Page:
Strontium is the chemical element with the symbol Sr and atomic number 38. It is a soft metal like lead and, when freshly cut, has a silvery luster. An alkaline earth metal, strontium is a soft silver-white yellowish metallic element that is highly chemically reactive. Due to its extreme reactivity to air, this element always naturally occurs combined with other elements and compounds. While natural strontium is harmless, one of its isotopes, Sr-90, carries a more sinister reputation: It is a dangerous byproduct of nuclear fallout. It has a melting point of about 757°C (1,395°F) and a boiling point of 1,366°C (2,491°F). Its density is 2.6 grams per cubic centimeter.
“Strontium has physical and chemical properties similar to those of its two vertical neighbors in the periodic table, calcium, and barium.”
The metal forms a dark oxide layer when it is exposed to air. It rapidly reacts in air to take on a yellowish color; therefore, it must be protected from oxygen for storage. Strontium has physical and chemical properties similar to those of its two vertical neighbors in the periodic table, calcium, and barium. It is quite common in nature — it is the 15th most abundant element in Earth’s crust, according to the Minerals Education Coalition (MEC). It occurs naturally mainly in the minerals celestine and strontianite and is mostly mined from these.
- atomic number: 38
- atomic weight: 87.62
- melting point: 769 °C (1,416 °F)
- boiling point: 1,384 °C (2,523 °F)
- specific gravity: 2.63
- oxidation state: +2
Strontium is found mainly in the minerals celestite and strontianite. China is now the leading producer of strontium. Both strontium and strontianite are named after Strontian, a village in Scotland near which the mineral was discovered in 1790 by Adair Crawford and William Cruickshank; it was identified as a new element the next year from its crimson-red flame test color. Strontium was first isolated as a metal in 1808 by Humphry Davy using the then newly-discovered process of electrolysis.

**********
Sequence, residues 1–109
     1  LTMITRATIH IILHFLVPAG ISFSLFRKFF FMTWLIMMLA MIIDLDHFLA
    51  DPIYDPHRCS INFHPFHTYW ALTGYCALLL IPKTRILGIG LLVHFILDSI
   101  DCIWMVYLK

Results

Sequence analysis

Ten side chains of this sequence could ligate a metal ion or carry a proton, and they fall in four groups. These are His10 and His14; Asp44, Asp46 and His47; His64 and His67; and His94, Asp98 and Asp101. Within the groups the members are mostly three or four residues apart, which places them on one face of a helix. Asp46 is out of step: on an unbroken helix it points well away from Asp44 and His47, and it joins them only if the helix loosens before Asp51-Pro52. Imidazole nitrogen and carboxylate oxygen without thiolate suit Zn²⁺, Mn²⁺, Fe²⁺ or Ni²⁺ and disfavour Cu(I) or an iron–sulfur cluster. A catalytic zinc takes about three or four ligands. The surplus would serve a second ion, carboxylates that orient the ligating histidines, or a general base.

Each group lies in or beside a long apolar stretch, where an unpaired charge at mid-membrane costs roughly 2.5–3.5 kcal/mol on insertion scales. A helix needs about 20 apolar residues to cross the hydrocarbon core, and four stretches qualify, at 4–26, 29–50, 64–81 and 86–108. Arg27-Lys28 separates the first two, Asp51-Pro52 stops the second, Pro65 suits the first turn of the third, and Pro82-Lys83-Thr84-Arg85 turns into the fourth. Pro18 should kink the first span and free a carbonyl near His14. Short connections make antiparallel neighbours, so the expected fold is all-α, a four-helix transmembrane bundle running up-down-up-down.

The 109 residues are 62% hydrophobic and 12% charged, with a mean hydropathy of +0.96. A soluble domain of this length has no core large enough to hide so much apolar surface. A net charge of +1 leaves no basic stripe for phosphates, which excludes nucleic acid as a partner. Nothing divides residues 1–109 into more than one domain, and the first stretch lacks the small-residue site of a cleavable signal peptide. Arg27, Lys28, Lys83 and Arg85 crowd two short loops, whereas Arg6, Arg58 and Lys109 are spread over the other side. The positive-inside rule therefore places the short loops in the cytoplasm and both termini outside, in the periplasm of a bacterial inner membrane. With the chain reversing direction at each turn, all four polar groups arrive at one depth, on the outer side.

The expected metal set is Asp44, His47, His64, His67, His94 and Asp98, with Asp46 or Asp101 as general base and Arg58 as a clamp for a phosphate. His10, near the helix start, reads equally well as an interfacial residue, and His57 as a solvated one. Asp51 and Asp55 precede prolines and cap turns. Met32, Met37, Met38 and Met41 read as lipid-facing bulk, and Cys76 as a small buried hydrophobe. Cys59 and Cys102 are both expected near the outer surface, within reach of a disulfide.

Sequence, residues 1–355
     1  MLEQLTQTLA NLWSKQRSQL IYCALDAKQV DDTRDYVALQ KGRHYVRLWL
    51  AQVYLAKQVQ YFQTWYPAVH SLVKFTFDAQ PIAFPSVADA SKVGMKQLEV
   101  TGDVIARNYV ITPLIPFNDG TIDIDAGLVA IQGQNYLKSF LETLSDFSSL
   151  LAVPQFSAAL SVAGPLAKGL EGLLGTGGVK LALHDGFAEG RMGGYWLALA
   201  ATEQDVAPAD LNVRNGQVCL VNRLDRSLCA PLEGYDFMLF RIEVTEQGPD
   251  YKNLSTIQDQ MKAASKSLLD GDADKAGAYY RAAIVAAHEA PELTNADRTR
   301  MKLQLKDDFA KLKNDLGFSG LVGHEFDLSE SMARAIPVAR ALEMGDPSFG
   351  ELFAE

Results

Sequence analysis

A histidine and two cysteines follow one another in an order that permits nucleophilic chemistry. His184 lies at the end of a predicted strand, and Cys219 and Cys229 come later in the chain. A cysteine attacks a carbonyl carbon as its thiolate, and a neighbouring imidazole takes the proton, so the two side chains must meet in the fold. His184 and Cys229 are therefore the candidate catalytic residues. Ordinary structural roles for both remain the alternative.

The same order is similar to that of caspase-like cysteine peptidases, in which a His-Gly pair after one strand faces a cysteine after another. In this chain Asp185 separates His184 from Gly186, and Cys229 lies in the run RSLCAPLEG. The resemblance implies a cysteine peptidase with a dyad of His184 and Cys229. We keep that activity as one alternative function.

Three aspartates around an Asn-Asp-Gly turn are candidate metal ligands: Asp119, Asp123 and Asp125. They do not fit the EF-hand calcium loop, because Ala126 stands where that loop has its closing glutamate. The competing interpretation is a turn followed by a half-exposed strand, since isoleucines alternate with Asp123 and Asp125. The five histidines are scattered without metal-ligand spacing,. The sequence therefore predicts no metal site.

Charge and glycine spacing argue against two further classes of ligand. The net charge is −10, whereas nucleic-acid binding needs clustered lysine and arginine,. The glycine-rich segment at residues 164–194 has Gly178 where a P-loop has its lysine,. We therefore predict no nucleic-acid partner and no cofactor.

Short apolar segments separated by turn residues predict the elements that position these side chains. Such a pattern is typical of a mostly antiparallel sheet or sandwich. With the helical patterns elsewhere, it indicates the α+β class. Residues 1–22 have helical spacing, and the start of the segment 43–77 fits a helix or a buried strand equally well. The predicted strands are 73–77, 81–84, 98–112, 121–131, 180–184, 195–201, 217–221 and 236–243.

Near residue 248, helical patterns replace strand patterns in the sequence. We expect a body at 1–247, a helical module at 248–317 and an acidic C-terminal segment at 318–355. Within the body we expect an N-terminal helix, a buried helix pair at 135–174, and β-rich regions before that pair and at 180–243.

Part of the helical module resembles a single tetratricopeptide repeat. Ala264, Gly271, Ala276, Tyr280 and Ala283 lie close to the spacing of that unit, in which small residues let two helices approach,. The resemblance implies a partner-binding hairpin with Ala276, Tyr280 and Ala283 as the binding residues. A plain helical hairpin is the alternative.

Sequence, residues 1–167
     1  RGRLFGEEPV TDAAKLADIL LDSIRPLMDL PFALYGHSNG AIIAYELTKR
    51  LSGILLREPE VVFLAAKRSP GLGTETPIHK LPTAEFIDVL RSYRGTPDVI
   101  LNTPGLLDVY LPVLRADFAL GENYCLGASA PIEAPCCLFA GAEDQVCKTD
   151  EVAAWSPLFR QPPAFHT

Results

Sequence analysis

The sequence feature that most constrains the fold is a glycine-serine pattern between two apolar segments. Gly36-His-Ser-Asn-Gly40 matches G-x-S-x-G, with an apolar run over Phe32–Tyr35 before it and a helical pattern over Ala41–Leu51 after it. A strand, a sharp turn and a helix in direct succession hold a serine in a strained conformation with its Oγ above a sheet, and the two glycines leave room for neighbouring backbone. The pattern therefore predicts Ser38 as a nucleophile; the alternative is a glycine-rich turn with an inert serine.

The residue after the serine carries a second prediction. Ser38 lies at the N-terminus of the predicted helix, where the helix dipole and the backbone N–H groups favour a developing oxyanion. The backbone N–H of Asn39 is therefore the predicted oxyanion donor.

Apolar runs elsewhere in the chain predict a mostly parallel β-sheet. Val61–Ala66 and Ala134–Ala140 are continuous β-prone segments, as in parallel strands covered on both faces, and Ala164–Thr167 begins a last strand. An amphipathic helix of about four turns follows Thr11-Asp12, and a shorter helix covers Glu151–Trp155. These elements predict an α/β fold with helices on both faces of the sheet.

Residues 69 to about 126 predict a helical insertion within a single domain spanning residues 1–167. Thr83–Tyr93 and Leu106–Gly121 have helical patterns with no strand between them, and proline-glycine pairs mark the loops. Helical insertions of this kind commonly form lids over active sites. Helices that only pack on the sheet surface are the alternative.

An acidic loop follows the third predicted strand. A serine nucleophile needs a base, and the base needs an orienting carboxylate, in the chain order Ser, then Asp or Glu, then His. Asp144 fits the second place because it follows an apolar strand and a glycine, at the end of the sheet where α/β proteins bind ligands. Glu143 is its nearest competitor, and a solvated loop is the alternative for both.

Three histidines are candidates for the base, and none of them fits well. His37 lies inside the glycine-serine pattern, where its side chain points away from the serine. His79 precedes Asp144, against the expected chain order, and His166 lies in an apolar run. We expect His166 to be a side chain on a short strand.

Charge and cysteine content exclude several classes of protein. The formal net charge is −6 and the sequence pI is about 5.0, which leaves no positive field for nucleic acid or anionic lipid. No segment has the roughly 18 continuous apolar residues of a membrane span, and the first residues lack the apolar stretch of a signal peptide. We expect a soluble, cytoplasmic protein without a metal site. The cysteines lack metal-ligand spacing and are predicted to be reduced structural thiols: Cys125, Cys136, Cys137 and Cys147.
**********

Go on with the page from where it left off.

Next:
Strontium metal can be prepared by electrolysis of the molten strontium chloride and potassium chloride, or by reducing strontium oxide with aluminum in a vacuum. During the 19th century, strontium was mostly used in the production of sugar from sugar beet. At the peak of production of television cathode ray tubes, as much as 75 percent of strontium consumption in the United States was used for the faceplate glass. With the replacement of cathode ray tubes with other display methods, the consumption of strontium has dramatically declined.
It is used as an ingredient in red signal flares and phosphors and is the principal health hazard in radioactive fallout. Modern ‘glow-in-the-dark’ paints and plastics contain strontium aluminate. They absorb light during the day and release it slowly for hours afterward.